something to latch onto. The more abstract it became, the more the brain had to connect the dots, the less effective it became. I also became more interested in the form of the nude model, and how to differentiate what I was doing from the long legacy of the nude, in photo, painting, sculpture and dance. What were the forms that we haven’t seen? Or, in other words, how have we not seen ourselves? I asked the models from the beginning to jump for some of the shots, to create images in a dynamic, spontaneous manner. Like many before me, like Avedon or Sims. But I didn’t want it to look like jumping, I wanted it to look like FALLING, like the disembodied figures in Odd Nerdrum paintings.
Over time, I heard a common question: are you shooting underwater?
This made me laugh, I was pleased to have created such an effect, but I realized this was an important point that I should consciously incorporate into the process. So not only were you falling, you were descending underwater. This meant that I had the best of both worlds in my project: the split second space of a movement that no one ever sees captured by the camera, but also the emotionality of the colors and movement without the detail to distract or remove you from the movement.
Hahaha, I like your question about my use of colors very much. My colors tend to be vibrant and bright because of the physical materials use. I love the subdued earth tones in the work of someone like Odd Nerdrum, all browns and tans and blacks. I never consciously decided to exclude the colors of nature.
In Bypassing the Rational you discuss the inability of people to fully understand each other, and considering this idea you substitute color for definition. Some people react the same way to a joke, to a story and to an idea, others do not. Are you close enough to anyone that you can tell their emotional response to something without asking them? Do you think emotional synchronicity is not a kind of knowledge or understanding? How accurately or deeply can you convey emotion through color? Or were you more concerned with obscuring the detail of the subject?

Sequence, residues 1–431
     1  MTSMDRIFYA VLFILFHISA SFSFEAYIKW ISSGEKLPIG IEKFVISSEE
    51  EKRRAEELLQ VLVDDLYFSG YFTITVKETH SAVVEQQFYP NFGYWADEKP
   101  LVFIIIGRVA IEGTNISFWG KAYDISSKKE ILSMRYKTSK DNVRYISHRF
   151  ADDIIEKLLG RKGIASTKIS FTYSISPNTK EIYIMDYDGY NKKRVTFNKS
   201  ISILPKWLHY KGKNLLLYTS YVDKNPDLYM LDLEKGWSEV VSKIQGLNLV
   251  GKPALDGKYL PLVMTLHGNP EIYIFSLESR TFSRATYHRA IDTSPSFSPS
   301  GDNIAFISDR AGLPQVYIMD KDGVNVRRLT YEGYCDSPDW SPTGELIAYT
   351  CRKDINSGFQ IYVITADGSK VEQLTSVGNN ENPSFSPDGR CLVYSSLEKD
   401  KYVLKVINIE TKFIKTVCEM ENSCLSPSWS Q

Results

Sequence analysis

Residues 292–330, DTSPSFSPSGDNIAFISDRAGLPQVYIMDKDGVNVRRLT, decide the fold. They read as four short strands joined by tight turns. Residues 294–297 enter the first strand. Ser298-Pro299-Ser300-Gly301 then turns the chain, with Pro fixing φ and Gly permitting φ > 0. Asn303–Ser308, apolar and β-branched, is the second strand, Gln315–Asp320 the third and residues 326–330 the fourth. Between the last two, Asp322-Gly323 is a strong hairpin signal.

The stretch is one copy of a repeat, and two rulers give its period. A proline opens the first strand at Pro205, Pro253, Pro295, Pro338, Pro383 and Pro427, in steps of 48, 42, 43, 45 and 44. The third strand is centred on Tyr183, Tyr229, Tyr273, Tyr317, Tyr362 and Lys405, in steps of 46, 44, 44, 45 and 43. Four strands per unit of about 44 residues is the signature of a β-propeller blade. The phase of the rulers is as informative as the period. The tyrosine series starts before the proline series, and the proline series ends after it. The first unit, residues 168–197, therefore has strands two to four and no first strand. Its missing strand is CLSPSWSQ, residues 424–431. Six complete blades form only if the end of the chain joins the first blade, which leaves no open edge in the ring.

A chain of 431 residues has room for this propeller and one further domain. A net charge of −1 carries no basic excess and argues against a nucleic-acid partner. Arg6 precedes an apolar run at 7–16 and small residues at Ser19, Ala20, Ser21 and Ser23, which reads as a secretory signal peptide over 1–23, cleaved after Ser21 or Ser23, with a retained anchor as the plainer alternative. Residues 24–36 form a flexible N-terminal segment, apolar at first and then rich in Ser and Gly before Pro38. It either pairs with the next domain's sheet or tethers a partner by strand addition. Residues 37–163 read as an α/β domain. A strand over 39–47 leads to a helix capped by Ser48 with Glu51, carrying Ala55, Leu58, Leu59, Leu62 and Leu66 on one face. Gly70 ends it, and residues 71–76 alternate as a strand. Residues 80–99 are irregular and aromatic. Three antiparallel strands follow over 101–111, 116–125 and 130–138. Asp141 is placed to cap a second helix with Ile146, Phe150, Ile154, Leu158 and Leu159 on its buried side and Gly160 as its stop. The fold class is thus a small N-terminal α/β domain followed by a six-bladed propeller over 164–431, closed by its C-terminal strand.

Yes, I do know and have known people, mostly ex-girlfriends, that I could gauge their emotional response without asking them. I could sense their mood just by hearing their voice. I think we all have, if we keep ourselves open and listen. I think emotional synchronicity comes from understanding and emotional intelligence. Being connected to someone comes from building trust and communication, but it also comes from listening, paying attention, and in a more abstract sense, sensing their energy and feeling it and responding.
I don’t intend to convey specific emotions through the colors, I build a collection of colors that are powerful one way or another. It’s an organic process that derives from how I interact with the model, how they look, how they carry themselves or how I’m feeling that day. Depending on the match of colors and movements, the effect can be completely different. The shots have elicited a wide range of emotional responses.